Sunday, 7 July 2019

Stage 9 (Sunday): Walls of Death (and other minor impediments)

Yesterday’s stage, featuring wicked hills and wicked weather, had me ridiculously tired. This morning I was pretty sure I could shake it off. Stage 9 was 170 km and another hilly outing with over 3000 meters of climbing starting with another “Wall”. The French are fond of their “walls”. This one was called the “Wall of Death,” just to distinguish it. It has a maximum grade of over 18% but hovers around 13-14% for almost 2 km. I set out and, almost immediately, when I hit the wall, I really did hit the wall. I wasn’t feeling great, and I thought it must be accumulated wear. No matter how I tried, I just couldn’t climb this beast and, as much as I didn’t want to, I had to walk some of it. I even struggled to push my bike up the hill. Something was off.

I finished my “walk of shame” to the top of the Wall of Death and climbed back on my bike. But I couldn’t seem to get a good rhythm going. I tried to keep up with riders that I have ridden with before, but they dropped me easily. A few came back to try and pull me back up to the group, but it was no use. I had zero power. I pedaled alone for what felt like days, plodding along slowly. I took in the views and tried to make the best of it. I was told I’d have good days and bad days. Maybe this was one of those bad days.

I reached the third feed station for lunch and, as I dismounted, I noticed that one of my legs was enormously swollen. As I looked at my legs, I realized that I couldn’t make out my knees. Where did my knees go? What’s happening?

Fortunately, I didn’t have to wonder for long because Doc Fi was at the stop and I made a beeline to her. Fi took one look at me and asked whether I had been taking salt or electrolytes. “Both of course,” I said, “it’s hotter than hell out here.” She explained that there was enough salt in the food that was being served throughout the day, and that we didn’t need to supplement it. She also explained that we’re on a multi-week event and that a body can’t process the quantity of salt I was taking in quickly enough. “Your kidneys are failing you,” she informed me. “That’s why you’re swollen and listless.”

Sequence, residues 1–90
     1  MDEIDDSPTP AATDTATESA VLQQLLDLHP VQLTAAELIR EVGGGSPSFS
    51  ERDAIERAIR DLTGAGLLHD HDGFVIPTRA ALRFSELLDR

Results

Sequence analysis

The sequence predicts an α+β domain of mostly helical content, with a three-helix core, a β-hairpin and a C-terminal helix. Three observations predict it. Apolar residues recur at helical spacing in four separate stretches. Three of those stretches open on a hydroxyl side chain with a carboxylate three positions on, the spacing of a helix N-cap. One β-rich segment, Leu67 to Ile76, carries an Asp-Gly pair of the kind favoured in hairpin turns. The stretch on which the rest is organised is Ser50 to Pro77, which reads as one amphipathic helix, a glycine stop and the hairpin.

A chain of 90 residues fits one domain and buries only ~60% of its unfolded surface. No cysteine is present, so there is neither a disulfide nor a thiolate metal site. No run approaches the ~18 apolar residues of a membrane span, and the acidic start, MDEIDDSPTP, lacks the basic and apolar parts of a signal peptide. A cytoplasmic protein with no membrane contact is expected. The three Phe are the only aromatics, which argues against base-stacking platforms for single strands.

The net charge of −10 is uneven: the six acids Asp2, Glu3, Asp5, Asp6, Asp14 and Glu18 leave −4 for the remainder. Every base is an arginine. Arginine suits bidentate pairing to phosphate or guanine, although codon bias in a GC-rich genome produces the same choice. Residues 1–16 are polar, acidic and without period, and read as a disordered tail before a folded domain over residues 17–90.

Well that’s a new one for the list: kidney failure.

At least I now had the answer to the power problem I was having. All in all, it was a little bit of good news on this otherwise bleak day (keeping in mind that good news is relative).

As I ate my noticeably salty lunch, I walked around, watching the locals jump into the lake at the Shangri-La setting where our food-stop was set up. Women were swimming without tops, a young couple were kissing, children were jumping off a long dock… I really was in the heart of France. It was a perfect setting and perfect weather to be here, by the water. My spirits were lifted. Doc Fi rode with me for the rest of the day, keeping an eye one me (again).

My legs continued to swell throughout the day and by evening my skin had stretched so much that my legs were too sensitive to touch. A few big bruises appeared behind one knee, most likely due to the swelling. The doc told me I should be okay within a few days and that my knees would be returned to me. 

I believed her and trusted that tomorrow would be a much, much better day. :)












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